A federal district court rejected a married couple’s attempt to stop the IRS from levying the proceeds of the sale of their property (Bigley, (DC AZ 08/21/2019)). The taxpayers failed to show that the levy was invalid.
In 2017, the IRS sued the Bigleys to reduce their outstanding federal tax liabilities to judgment and to foreclose federal tax liens on their property. A federal district court determined that the Bigleys owed almost $262,000 in taxes, interest, and penalties for three tax years. The court also determined that the Bigleys transferred their property to nominees, so the IRS’s liens still attached to the property. (Bigley, (DC AZ 06/01/2017) 119 AFTR 2d 2017-1792.) The Bigleys appealed. While the Bigleys’ appeal was pending, the district court foreclosed the IRS’s liens, and ordered the IRS to sell the Bigleys’ property and then to deposit the sale proceeds in the court’s registry.
In May 2019, the Ninth Circuit Court of Appeals affirmed the district court’s decisions about the Bigleys’ tax liability and the validity of the IRS lien on their property. (Bigley, (CA 9 12/21/2018) 122 AFTR 2d 2018-7051.) The IRS then served a Notice of Levy on the clerk of the court seeking the sale proceeds in the court’s registry.
No Procedural Issues with Notice of Levy
The Bigleys raised procedural objections to the Notice of Levy. The district court determined that the IRS’s Notice of Levy was valid and, therefore, the Bigley’s could not prevent the IRS from levying the sale proceeds in the court’s registry.
First, the Bigleys argued that Mrs. Bigley was not a “taxpayer;” therefore, the IRS could not collect taxes from her by levy. The district court said that, while the Bigleys were not technically “taxpayers” because they had not paid their taxes for the years at issue, Mrs. Bigley’s failure to file a tax return did not mean that she was not a taxpayer for purposes of IRC § 6331, and the Certificates of Assessment submitted by the IRS showed that Mrs. Bigley owed taxes for the years at issue.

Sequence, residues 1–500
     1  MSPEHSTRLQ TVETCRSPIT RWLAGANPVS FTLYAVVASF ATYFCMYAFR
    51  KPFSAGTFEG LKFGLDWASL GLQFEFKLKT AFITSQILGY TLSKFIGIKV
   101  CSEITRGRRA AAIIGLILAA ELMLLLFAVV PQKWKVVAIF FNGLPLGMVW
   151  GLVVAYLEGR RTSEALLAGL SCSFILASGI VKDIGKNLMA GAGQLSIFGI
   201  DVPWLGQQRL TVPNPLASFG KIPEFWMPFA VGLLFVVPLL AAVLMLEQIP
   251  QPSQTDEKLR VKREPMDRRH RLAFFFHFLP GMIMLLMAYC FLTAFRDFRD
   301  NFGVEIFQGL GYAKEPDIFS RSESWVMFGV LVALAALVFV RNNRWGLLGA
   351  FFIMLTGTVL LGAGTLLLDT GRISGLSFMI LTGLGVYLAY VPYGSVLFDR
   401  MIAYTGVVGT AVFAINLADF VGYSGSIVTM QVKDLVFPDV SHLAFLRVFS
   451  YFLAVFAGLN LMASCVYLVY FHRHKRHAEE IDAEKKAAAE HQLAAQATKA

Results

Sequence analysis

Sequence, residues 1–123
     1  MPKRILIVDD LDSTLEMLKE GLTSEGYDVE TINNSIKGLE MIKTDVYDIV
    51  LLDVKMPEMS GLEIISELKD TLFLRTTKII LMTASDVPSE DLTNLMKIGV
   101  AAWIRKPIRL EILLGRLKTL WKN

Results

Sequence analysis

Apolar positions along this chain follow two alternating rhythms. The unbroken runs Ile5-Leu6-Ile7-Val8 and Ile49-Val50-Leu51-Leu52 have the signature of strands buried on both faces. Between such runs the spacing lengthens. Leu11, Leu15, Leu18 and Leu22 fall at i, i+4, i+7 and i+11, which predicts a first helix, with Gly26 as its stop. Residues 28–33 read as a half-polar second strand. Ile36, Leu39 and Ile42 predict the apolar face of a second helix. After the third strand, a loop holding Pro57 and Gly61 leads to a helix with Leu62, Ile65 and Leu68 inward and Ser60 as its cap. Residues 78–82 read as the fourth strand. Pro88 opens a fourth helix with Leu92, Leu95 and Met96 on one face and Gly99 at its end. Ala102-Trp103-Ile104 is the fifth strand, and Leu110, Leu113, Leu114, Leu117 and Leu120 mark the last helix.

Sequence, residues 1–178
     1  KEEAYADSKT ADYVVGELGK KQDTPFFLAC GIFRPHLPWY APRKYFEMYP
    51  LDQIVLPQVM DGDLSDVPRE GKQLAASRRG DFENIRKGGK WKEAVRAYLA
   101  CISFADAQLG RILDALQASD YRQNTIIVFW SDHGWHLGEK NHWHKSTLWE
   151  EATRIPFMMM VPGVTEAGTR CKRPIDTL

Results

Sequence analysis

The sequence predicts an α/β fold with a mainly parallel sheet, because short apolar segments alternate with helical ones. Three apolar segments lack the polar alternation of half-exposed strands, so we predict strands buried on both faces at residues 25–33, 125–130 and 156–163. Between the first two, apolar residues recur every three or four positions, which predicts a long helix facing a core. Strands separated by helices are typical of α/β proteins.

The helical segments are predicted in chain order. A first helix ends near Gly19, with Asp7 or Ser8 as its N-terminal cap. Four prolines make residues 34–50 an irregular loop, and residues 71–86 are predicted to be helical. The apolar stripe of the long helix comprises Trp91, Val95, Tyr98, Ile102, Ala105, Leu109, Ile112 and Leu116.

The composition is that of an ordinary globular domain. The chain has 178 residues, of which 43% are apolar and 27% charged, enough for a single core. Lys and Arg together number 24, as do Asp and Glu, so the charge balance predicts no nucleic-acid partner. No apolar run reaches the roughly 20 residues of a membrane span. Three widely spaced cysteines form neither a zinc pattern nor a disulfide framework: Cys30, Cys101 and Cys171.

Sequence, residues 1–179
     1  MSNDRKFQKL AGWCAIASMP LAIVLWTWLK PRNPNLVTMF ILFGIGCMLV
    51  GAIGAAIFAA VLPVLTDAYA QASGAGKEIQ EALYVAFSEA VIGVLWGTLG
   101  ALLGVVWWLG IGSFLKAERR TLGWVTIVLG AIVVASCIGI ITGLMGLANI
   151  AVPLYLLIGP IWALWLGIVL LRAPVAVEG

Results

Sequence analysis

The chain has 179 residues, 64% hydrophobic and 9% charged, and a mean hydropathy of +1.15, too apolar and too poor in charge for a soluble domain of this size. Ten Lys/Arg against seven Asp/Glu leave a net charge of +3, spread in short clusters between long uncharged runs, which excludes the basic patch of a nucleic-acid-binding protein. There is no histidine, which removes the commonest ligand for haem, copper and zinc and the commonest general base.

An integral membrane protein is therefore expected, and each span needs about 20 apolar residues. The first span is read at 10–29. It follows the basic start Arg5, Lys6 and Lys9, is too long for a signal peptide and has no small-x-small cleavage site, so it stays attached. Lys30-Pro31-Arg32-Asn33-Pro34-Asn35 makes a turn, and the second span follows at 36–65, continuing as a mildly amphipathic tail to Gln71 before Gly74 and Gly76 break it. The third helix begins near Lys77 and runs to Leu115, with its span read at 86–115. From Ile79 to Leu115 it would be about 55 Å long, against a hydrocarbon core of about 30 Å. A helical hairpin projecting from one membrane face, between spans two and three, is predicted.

The district court found that, contrary to the Bigleys’ argument, the IRS had the authority under IRC § 6331 to collect their tax liability by levy. The portion of IRC § 6331(a) the Bigleys cited merely clarified procedures followed in special situations and did not limit the statute’s scope.
In addition, the IRS did not need to obtain a writ from a court of competent jurisdiction to levy the sale proceeds in the court’s registry because IRC § 6331 does not require that a Notice of Levy be accompanied by a writ of any kind. Thus, the Notice of Levy was not invalid because it was not accompanied by a writ.
Finally, the district court also found that the Notice of Levy was not required to be verified under IRC § 6065 as that provision does not apply to notices issued by the IRS.
Court Rejects IRS’ Arguments Under AIA
The IRS argued that the Anti-Injunction Act barred the Bigleys’ attempt to invalidate the levy. The district court rejected this argument, holding that it had jurisdiction to consider the Bigleys’ procedural challenges to the Notice of Levy even if the AIA barred the court’s consideration of some of the Bigleys’ arguments.
Read the full article and expert analysis in Checkpoint Federal Tax Update. To continue your research on levies and seizures, see FTC 2d/FIN ¶V-5101.